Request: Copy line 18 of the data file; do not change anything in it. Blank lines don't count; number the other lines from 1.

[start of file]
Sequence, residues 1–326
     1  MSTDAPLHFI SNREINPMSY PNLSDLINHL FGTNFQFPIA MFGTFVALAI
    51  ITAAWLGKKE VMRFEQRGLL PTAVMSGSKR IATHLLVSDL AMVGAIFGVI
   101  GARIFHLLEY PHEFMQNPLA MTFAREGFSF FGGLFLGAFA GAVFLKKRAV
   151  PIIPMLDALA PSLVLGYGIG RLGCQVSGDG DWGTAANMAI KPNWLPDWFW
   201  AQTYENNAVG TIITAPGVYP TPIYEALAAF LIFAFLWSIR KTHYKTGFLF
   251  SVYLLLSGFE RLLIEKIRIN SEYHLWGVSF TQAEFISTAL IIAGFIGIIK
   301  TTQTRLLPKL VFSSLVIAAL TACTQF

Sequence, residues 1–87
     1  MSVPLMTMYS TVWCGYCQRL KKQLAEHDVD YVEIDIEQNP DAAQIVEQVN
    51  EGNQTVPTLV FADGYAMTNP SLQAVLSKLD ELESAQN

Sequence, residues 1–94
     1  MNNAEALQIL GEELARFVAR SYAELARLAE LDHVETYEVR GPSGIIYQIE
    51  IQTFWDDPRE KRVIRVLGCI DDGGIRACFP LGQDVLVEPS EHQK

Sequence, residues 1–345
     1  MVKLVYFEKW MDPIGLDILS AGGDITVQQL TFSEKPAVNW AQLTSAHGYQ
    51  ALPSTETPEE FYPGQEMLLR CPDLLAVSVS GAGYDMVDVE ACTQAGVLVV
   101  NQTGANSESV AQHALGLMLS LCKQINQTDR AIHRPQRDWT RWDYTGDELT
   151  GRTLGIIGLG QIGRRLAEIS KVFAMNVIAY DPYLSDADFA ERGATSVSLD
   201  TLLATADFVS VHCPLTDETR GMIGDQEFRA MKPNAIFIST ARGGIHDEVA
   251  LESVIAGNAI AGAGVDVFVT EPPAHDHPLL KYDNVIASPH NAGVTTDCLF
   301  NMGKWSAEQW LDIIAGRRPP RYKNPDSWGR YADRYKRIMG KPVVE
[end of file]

   101  NQTGANSESV AQHALGLMLS LCKQINQTDR AIHRPQRDWT RWDYTGDELT